Category: Artworks

PhD show: Mapping The Drowned World

Tracey Clement, ‘Mapping The Drowned World’ installed at SCA, 21-23 September 2017.

All three bodies of work which I made for my PhD (Post-Premonitionism 2, Metropolis Experiment, and my Drowned World Maps) came together in my show Mapping The Drowned World, for 3 days only. Both the sculptures and the maps were made in response to JG Ballard’s 1962 novel, The Drowned World.  You can watch me de-install the show in the video below.

Watch Tracey Clement de-install ‘Mapping The Drowned World.’ 3.5 years work, 6 day install, 7 hour de-install: compressed into 1.5 minutes!

 

Tracey Clement, ‘Mapping The Drowned World’ installed at SCA, 21-23 September 2017.

Tracey Clement, ‘Mapping The Drowned World’ installed at SCA, 21-23 September 2017.

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Drowned World: Loximuthal Projection

Tracey Clement, ‘Drowned World: Loximuthal Projection,’ 2017, pencil and rust on paper, 800 x 1210.

This the fifth (and final) map I’ve made as part of my Mapping The Drowned World project, inspired by JG Ballard’s novel The Drowned World.

You can find all of my Drowned World maps here.

In this map the conventional view of the planet is inverted. After all, there is no right way up in space.

18.3 hours of drawing, January – September 2017.

Watch Tracey Clement creating Drowned World Loximuthal Projection here.

 

Metropolis Experiment

Tracey Clement, ‘Metropolis Experiment,’ 2016-17, rusty steel, salt, laboratory glass, cotton, dimensions variable (max height 200cm). Photo T. Clement.

Metropolis Experiment, 2-17 June 2017 at AirSpace Projects, Marrickville.

Metropolis Experiment is part architectural model, part mad science: the whole city is a laboratory. But instead of shiny stainless and gleaming glassware in sterile white surrounds, we are presented with rusty tripods and salt crystals that creep up and over everything, corroding as they go. In Metropolis Experiment something has gone horribly wrong: it’s a ruined model city, a metaphor.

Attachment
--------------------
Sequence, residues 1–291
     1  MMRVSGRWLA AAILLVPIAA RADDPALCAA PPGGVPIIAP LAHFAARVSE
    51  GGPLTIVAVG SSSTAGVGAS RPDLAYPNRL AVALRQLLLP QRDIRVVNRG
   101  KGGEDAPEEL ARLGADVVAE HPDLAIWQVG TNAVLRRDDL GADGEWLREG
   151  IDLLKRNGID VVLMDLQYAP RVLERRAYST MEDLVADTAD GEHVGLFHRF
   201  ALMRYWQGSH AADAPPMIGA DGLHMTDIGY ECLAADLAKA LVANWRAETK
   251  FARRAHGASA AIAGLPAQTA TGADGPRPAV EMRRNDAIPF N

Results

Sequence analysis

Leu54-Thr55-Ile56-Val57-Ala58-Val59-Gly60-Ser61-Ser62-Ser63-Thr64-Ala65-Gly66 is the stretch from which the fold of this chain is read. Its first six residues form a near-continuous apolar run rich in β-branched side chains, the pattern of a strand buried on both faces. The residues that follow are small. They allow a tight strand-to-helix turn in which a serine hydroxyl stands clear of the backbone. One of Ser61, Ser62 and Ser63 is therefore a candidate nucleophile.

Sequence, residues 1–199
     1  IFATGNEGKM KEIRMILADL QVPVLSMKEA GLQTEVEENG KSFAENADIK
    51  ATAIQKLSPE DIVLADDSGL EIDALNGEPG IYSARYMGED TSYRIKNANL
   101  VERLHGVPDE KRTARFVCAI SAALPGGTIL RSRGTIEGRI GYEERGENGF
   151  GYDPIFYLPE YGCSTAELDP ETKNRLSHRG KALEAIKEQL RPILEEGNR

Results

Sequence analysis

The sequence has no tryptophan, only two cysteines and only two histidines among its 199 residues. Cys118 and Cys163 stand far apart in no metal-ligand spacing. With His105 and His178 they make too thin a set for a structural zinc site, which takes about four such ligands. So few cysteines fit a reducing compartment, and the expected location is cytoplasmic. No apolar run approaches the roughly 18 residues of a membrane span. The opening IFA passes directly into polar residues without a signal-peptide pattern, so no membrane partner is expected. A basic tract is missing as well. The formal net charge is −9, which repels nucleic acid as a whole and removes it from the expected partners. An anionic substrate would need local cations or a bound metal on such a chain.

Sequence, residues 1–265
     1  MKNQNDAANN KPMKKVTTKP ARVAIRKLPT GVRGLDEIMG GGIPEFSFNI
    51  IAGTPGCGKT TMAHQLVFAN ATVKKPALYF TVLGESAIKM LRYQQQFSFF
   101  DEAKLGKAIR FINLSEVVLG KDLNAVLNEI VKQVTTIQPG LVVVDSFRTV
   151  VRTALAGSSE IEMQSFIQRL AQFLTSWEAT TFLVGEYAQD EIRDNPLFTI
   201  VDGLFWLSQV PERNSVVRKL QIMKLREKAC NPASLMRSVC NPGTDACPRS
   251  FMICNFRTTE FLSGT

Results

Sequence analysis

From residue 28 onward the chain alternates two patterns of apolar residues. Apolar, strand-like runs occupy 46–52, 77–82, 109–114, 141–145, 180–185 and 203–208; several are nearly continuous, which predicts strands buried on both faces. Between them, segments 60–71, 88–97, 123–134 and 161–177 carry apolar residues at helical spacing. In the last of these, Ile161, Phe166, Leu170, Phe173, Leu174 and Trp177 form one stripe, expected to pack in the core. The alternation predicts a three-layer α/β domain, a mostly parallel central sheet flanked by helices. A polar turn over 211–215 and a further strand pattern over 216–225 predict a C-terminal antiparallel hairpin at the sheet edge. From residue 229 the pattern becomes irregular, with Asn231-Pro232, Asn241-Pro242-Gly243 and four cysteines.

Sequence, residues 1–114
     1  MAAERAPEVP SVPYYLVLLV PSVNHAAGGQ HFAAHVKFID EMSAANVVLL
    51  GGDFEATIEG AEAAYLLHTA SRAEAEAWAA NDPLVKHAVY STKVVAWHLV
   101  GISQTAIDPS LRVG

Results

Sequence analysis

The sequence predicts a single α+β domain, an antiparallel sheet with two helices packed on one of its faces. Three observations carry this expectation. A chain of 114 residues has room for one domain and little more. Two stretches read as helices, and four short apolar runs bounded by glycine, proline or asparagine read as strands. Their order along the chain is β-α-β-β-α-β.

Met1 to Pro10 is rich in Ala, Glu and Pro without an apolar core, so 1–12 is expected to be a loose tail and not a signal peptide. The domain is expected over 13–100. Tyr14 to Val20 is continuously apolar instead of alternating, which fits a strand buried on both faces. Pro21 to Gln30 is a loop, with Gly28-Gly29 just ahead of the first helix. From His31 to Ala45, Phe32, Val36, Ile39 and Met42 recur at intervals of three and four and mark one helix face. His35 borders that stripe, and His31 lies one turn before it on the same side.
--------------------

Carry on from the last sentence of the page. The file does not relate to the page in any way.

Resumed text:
Metropolis Experiment is my third recent body of work which responds to the vivid prognostications of JG Ballard’s 1962 post-apocalyptic sci-fi novel, The Drowned World. View the first here and the second here.

What links these works is the image of the ruined city, an image Ballard conjured so evocatively in The Drowned World.

Tracey Clement, 'Metropolis Experiment,' 2016-17, rusty steel, salt, laboratory glass, cotton, dimensions variable (max height 200cm). Photo T. Clement.

Tracey Clement, ‘Metropolis Experiment,’ 2016-17, rusty steel, salt, laboratory glass, cotton, dimensions variable (max height 200cm). Photo T. Clement.

Thanks to its scale, Metropolis Experiment draws on the conceptual qualities of architectural models (as well as ruins) in order to make a point. As theorists are fond of pointing out, all ruins simultaneously embody both the present and the past.

Meanwhile, architectural models are inherently aspirational. They embody potential, physically manifested, but not quite realised. They represent the future. As a ruined model city (a combination of both) my artwork adds a third temporal stream: the future already devastated.

Metropolis Experiment is a premonition, a warning.

Metropolis Experiment II

Tracey Clement, ‘Metropolis Experiment II,’ 2016, laboratory glass, salt, rust, dimensions variable (max height 100cm).

Metropolis Experiment II is actually part of a larger work, Metropolis Experiment, which will be shown at AirSpace Projects 2-17 June 2017.

This sculpture is the unholy love child of an architectural model and a chemistry trial gone horribly wrong: it’s a ruined model city, a metaphor.

Metropolis Experiment is part of my third recent body of work in my Mapping The Drowned World project which responds to the vivid prognostications of JG Ballard’s 1962 post-apocalyptic sci-fi novel, The Drowned World.

It is also my third model city. The previous two are: Post-Premonitionism 2 and Plastic City.

 

Drowned World: Buckminster Fuller Projection

This the fourth map I’ve made as part of my Mapping The Drowned World project, inspired by JG Ballard’s novel The Drowned World.